We had two days to spend there. We did a short night trek to a hide to see if any animals had come out to feed at the waterhole. The sounds of the jungle night and the utter complete darkness when you turned off your torch was breathtaking, and a little unsettling. We saw some deer, bats, centipedes, spiders, ants that were huge and lizards. Later that night we discovered that I (Tom) had been sucked by a leech. Thankfully it had fallen off but had left a weeping sucker mark and a bruise. Well we couldn't go to the jungle and not have some sort of battle wound!

We went on the canopy walkway which is 45 metres above the ground and saw the hectares and hectares of forest all around. To see natural beauty like this makes you realise as a Christian how beautiful the Creator of it all is. We also did a trek up a hill called Pukit Teresik which wasn't really that high, wasn't really that long a distance, wasn't really that strenuous a trek. However, throw in the humidity and heat of a jungle and it suddenly becomes very hard work, and makes you look like you just came out of the shower.

From the Taman Negara we went to the coast to visit an island called Perentian Kecil. The way to get to the island from the mainland is by speed boat. These boats have two 300 hp engines and practically fly over the water which makes for a terrifying, bumpy and wet 45 minute journey. We spent the next three days recovering on the sandy palm tree lined beaches, enjoying the warm South China Sea and the waves. We found a beach hut to stay in that cost us 20 ringgit (3.50 pounds) a night and ate fresh BBQ fish at night.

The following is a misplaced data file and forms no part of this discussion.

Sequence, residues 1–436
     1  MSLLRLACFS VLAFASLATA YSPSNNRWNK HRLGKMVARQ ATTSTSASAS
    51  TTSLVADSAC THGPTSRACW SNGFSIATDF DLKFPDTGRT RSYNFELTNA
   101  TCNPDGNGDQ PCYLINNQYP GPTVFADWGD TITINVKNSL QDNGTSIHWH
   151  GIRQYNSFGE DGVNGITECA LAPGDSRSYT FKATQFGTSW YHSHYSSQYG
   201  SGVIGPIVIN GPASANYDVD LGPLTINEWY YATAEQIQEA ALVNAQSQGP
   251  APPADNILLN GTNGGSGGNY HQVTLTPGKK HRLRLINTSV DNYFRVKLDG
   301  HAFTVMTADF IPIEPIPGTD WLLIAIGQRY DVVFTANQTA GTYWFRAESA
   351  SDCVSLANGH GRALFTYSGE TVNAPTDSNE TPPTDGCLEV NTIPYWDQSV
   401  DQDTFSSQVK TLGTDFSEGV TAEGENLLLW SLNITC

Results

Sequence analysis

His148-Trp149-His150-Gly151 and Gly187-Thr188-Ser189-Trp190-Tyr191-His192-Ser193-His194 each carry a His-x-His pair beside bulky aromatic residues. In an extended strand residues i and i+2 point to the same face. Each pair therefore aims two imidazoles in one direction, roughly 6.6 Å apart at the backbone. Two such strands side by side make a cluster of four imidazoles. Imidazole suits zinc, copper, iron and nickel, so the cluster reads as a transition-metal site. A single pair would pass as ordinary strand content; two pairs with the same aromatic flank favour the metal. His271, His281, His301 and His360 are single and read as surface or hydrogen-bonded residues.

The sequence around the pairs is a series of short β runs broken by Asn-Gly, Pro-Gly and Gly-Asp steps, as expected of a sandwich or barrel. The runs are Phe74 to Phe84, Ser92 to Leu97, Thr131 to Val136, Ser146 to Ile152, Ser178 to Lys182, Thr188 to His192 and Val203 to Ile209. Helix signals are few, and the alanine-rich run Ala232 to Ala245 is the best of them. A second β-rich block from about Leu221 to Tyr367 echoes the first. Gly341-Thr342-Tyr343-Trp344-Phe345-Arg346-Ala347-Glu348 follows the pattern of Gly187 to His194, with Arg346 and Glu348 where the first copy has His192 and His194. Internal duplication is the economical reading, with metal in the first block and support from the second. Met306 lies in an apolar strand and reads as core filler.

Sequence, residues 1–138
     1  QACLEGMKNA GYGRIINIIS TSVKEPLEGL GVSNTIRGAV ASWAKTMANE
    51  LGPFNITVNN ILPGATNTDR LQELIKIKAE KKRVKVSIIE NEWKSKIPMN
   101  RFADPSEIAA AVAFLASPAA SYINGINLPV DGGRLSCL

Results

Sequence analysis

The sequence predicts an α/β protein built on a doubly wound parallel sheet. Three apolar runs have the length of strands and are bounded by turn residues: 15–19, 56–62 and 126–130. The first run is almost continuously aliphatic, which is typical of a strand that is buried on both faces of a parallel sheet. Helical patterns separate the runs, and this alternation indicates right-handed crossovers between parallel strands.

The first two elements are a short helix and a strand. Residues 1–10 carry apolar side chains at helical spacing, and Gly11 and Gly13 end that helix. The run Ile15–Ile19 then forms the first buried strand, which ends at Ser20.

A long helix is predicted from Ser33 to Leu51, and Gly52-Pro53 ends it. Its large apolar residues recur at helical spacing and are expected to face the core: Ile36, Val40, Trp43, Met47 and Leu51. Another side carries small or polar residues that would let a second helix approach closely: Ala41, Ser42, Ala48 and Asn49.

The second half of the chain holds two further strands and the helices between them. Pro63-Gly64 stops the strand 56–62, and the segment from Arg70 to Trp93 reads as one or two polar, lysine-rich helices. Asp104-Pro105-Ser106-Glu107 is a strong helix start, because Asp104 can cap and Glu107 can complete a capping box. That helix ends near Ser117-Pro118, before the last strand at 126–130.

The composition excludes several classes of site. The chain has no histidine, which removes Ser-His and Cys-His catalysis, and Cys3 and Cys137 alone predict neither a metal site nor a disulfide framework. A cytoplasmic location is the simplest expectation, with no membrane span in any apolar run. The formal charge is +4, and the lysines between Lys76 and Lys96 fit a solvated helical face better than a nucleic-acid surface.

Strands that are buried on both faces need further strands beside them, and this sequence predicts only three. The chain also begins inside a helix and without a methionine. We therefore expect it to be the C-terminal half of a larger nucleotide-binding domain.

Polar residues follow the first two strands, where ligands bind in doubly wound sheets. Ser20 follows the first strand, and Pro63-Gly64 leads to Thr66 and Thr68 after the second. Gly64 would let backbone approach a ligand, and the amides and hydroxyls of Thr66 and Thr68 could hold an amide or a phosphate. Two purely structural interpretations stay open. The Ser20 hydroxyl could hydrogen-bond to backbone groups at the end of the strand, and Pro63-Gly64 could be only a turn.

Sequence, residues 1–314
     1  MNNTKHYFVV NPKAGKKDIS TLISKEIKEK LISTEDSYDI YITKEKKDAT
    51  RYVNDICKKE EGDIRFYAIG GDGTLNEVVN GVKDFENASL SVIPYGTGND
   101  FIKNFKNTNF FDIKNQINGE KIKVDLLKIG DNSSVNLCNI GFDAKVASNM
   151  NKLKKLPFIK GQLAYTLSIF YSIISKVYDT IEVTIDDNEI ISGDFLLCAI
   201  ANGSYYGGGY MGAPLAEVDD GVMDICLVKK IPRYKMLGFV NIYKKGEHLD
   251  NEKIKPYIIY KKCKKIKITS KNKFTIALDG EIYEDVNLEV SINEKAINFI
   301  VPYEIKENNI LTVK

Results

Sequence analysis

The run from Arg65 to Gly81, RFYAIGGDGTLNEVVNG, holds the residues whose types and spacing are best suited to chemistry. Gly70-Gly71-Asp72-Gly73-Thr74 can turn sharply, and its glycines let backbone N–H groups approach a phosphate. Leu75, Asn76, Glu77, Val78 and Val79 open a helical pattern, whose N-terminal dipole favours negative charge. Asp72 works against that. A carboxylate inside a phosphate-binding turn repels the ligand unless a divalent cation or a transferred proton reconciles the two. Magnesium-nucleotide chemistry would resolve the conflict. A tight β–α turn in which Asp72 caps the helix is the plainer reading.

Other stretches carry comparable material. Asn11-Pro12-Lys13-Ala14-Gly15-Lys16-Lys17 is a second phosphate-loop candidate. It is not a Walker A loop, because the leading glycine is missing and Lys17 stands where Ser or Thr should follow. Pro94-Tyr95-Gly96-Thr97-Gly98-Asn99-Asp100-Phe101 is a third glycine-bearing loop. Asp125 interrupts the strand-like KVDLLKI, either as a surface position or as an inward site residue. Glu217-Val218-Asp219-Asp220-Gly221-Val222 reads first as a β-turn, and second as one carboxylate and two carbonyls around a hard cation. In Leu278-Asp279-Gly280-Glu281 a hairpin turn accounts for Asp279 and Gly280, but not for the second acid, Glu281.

Back in KL we saw all the sights, and Sarah made a good, but never the less vain effort at trying to visit every shopping mall the city could offer. You can't do it, there's just so many and they are so huge.

We went up the Petronas Towers which were the worlds tallest building until China built something taller, but they can claim to have the worlds tallest double decker viewing platform! To go up to the viewing deck on the 41st floor is free and they had a good little exhibition to look around. The best display was a machine that measures your height and then calculates how much taller famous buildings are than you. So, some facts for you; the Empire State is 215 times taller than Tom, the Sears Tower is 255 times taller, the Jin Mao is 237 times taller and the Petronas are 253 times taller.

We visited the historic town of Melaka and we had lunch at the most amazing house. It belonged to family friends of Robert and Angie who we were staying with. The house was over 300 years old and had been in the same Chinese Malaysian family for that time. It was full of family treasures and history because one of the key political figures who helped to finalise the Malaysian constitution after independence from the UK was the great grandfather of our lunch hosts. An old photo showing him and the British diplomat Lord Reid was displayed in the house. We saw the same photo in the National museum in KL which showed the significance of this man in forming the country of Malaysia 50 years ago.

We really enjoyed our time in Malaysia, it was a good mix to have some time on our own travelling around but also to have friends to stay with. This gave us the creature comforts that we had missed for a while!